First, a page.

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China Signs First Long-Term Deal for U.S. Natural Gas; Trump has made U.S. LNG exports a focus of his plans to make America an energy superpower

China Signs First Long-Term Deal for U.S. Natural Gas; Trump has made U.S. LNG exports a focus of his plans to make America an energy superpower

 
Matthews, Christopher M. Wall Street Journal (Online); New York, N.Y. [New York, N.Y]09 Feb 2018: n/a.
 
China has entered its first long-term contract to import U.S. liquefied natural gas, following a push by the Trump administration to open the rapidly growing market to U.S. suppliers.
 
Cheniere Energy Inc., which has already exported LNG to China, said Friday that it had signed two purchase agreements with China National Petroleum Corp. to export LNG from the U.S. Gulf Coast to China.
 
Under the deal, China National Petroleum will receive 1.2 million tons of LNG a year through 2043. A portion of that supply will ship this year and the rest will begin in 2023.
 
President Donald Trump has made U.S. LNG exports a focus of his plans to make America an energy superpower. Commerce Secretary Wilbur Ross announced a deal last May to "expedite" the approvals of U.S. exports to China. While the deal didn't alter any existing regulations, it was billed as a signal to China that U.S. LNG suppliers are open for business.
 
Mr. Trump brought two U.S. LNG executives with him during his trip to Beijing in November, including Jack Fusco, the chief executive of Cheniere, which in early 2016 became the first company to export U.S. LNG from the lower 48 states. During the trip, Cheniere signed a memorandum of understanding with China National Petroleum to eventually enter LNG export contracts.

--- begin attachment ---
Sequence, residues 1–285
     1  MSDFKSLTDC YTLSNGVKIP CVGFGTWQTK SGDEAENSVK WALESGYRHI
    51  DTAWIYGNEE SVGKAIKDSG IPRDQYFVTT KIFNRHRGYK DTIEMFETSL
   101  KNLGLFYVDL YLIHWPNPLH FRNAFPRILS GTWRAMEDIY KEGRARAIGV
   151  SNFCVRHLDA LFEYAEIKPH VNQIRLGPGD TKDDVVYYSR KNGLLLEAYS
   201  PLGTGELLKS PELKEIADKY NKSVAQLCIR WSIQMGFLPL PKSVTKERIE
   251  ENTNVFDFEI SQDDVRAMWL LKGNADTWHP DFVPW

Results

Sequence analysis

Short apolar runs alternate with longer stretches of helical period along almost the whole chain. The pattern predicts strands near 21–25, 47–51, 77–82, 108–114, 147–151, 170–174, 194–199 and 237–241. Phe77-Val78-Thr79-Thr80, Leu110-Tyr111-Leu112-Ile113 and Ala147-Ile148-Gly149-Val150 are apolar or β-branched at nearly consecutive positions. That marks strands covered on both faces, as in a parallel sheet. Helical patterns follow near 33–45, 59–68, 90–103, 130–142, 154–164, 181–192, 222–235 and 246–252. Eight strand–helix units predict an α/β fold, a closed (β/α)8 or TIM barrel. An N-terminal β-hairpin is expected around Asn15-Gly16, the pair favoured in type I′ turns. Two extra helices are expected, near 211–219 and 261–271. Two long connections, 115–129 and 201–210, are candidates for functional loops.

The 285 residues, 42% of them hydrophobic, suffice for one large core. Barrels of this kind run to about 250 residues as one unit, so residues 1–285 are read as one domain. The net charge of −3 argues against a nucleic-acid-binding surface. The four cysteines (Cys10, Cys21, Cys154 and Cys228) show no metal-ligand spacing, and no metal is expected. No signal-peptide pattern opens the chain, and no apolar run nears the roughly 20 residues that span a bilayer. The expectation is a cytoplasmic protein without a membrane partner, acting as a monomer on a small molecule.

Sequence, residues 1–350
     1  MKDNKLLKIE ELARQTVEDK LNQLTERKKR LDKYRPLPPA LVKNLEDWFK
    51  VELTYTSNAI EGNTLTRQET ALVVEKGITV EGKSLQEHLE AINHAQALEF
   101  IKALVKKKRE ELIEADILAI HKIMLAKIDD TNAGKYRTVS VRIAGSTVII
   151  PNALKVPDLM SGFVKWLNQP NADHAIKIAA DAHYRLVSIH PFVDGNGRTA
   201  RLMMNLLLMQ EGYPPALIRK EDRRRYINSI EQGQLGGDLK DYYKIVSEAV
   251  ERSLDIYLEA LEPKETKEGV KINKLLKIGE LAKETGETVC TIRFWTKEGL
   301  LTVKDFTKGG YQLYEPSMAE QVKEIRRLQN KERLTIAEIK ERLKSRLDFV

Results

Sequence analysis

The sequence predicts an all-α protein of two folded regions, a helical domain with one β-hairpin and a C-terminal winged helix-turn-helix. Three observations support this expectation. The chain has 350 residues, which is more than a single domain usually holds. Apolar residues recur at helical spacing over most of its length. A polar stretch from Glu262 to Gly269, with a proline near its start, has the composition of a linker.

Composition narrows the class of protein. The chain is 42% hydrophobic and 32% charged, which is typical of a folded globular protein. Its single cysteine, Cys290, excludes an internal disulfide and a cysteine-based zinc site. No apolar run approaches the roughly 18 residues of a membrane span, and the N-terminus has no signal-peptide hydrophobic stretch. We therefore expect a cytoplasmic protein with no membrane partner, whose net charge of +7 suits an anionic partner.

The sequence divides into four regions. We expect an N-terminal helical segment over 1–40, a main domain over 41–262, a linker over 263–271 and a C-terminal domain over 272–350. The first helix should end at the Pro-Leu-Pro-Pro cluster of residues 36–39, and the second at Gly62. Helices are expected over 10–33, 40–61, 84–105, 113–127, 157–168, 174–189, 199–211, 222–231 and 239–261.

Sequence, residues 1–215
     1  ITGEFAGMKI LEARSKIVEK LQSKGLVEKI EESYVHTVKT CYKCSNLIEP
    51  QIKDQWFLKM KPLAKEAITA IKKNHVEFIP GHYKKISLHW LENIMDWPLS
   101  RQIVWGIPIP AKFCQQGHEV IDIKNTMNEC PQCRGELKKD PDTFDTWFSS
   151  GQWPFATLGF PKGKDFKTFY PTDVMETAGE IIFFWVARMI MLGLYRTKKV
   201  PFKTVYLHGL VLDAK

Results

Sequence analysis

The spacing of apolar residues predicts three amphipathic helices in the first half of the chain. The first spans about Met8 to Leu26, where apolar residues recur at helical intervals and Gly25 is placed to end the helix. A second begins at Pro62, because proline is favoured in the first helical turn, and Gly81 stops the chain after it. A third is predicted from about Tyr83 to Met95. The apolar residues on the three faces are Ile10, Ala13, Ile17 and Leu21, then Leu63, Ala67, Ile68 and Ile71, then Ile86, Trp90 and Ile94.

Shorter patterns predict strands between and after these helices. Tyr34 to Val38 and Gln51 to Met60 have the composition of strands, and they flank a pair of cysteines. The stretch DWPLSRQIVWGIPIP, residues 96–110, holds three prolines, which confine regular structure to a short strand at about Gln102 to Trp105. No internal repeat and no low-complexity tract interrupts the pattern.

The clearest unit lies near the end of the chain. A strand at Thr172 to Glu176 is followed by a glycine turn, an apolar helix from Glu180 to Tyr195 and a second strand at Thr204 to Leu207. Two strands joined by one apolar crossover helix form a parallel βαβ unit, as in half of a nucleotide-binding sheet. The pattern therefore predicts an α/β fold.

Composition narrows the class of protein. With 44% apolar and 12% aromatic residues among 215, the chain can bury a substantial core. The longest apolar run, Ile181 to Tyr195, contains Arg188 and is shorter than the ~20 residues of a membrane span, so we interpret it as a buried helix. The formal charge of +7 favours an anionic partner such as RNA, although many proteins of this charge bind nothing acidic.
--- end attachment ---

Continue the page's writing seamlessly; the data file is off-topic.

"We are pleased to announce these LNG contracts with China National Petroleum Corporation, an important global energy player in one of the largest and fastest-growing LNG markets world-wide," Mr. Fusco said in a statement Friday.
 
So far, 34 U.S. cargoes of LNG have landed in China, all of them from Cheniere's facilities, But the deal announced Friday is China's first long-term contract with a U.S. supplier, the Houston-based company said. Such contracts are favored by exporters because they help them line up financing for expensive growth projects.
 
U.S. exporters chill the natural gas to a liquid state so it can be loaded on boats for export, a hugely expensive process.
 
Cheniere didn't disclose the estimated value of the contract but said the purchase price for LNG would be indexed to Henry Hub, the leading North American natural-gas benchmark, which is becoming more important in the global gas trade.
 
China is the fastest-growing importer of LNG, as it seeks to move to cleaner fuels and heat homes in the northern part of the country with natural gas. After importing less than 10 million tons of LNG in 2010, China's imports are expected to grow to more than 60 million tons by 2030, according to analysts.
 
That is potentially good news for U.S. suppliers who have access to vast amounts of natural gas unlocked by U.S. shale drillers.
 
"They're one of the largest economies in the world and they want to use cleaner energy," Michael Wortley, Cheniere's chief financial officer, said in an interview. "I don't see how our country doesn't do lots of business with their country over many decades."
 
Write to Christopher M. Matthews at christopher.matthews@wsj.com
 

Credit: By Christopher M. Matthews